Israel said 31 of its soldiers have been killed in Gaza operations so far.


Israel continued to strike the Gaza Strip by air, sea, and ground overnight.

READ:  Kenyans protest against Israeli attacks on Gaza

The Palestinian Red Crescent said there was also intense bombardment, artillery explosions and air strikes in the vicinity of the Al-Quds Hospital in Gaza’s Tal Al-Hawa area.

The U.N. humanitarian office estimates that nearly 1.5 million of Gaza’s 2.3 million people are internally displaced.

The aid currently entering Gaza is “nowhere near” enough to meet people’s needs, World Food Programme head Cindy McCain said after visiting the Rafah border crossing.

“People are living in a horrific nightmare,” McCain said. “Food and water are running out. A steady flow of aid is needed to meet the desperate needs now.”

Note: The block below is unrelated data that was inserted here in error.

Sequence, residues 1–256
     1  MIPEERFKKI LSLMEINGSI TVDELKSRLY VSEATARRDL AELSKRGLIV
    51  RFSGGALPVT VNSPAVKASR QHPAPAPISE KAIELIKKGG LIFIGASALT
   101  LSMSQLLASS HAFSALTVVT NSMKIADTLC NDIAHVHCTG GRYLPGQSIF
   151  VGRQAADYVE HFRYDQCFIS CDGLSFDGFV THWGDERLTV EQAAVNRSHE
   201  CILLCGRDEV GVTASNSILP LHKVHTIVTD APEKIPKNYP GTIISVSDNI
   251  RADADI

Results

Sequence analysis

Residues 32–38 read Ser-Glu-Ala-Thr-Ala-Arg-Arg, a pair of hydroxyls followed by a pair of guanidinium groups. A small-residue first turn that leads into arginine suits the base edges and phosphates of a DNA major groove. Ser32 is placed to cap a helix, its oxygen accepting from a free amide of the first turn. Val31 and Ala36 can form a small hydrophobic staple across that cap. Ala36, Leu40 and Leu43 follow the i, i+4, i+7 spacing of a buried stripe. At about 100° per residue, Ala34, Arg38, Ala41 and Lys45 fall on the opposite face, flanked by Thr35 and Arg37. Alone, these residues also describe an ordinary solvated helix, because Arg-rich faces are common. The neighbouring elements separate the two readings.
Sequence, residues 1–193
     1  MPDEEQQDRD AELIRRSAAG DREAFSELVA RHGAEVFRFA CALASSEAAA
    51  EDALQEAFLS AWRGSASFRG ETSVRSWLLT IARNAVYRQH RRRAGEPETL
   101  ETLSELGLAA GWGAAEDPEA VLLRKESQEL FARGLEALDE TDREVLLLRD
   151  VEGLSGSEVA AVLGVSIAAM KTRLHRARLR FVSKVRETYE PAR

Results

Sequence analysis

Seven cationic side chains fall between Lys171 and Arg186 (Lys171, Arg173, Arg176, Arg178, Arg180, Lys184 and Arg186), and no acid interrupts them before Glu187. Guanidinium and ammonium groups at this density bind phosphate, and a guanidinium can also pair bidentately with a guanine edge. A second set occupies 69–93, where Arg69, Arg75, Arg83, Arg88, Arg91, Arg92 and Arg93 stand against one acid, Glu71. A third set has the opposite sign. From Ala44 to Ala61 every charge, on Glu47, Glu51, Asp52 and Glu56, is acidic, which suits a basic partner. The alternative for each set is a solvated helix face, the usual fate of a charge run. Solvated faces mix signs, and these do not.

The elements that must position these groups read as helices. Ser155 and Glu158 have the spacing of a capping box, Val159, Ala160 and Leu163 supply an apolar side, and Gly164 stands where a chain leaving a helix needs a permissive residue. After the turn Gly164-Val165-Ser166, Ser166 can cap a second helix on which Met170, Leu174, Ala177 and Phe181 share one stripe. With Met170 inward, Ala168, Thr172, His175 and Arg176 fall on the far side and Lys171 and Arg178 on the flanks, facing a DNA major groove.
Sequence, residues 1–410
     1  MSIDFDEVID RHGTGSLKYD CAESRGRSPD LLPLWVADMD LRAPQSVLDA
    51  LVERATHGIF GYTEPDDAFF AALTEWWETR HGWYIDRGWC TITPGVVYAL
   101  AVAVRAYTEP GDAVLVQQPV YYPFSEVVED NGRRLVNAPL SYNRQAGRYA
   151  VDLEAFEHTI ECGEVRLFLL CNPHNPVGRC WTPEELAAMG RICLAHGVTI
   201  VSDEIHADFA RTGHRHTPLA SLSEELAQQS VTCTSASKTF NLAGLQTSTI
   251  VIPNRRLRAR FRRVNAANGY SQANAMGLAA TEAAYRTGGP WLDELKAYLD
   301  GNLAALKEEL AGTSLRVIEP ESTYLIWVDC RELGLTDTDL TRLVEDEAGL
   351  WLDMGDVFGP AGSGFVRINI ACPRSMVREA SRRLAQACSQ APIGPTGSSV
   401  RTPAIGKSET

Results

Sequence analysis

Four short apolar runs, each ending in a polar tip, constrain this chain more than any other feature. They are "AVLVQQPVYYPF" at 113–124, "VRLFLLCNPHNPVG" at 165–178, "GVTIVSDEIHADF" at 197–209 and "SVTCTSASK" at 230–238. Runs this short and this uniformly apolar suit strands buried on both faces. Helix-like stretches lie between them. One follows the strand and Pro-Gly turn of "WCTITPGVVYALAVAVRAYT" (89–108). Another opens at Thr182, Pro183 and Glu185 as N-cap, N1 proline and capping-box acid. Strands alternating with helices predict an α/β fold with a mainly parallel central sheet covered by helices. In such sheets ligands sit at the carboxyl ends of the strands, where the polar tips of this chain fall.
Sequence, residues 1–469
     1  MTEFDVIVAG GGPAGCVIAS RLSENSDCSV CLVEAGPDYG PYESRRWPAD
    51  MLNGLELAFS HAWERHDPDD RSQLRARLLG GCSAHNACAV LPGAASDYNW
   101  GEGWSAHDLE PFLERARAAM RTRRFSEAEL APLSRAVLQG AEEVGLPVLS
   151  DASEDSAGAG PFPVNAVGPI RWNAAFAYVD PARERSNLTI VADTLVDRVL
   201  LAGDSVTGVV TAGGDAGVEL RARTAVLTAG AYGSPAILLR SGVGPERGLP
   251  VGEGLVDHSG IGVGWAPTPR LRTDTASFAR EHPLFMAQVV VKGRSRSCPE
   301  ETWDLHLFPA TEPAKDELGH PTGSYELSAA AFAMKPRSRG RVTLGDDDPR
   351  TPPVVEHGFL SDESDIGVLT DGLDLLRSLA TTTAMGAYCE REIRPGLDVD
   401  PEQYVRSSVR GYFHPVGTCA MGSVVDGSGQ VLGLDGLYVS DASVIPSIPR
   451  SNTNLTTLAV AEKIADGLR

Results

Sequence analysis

Qatar’s foreign ministry said that without a “period of calm” in Gaza its mediators would not be able to secure the release of Israeli hostages held in the enclave.

The Gulf state has, in coordination with the U.S., led mediation talks with Hamas and Israeli officials over the release of hostages since the October 7 attack.

The worsening violence in the Israeli-occupied West Bank has fuelled concerns it could become a third front in a wider war, in addition to Israel’s northern border, where clashes with Lebanese Hezbollah forces have mounted.

An Israeli strike on a car in southern Lebanon killed three people on Sunday, security sources in Lebanon said.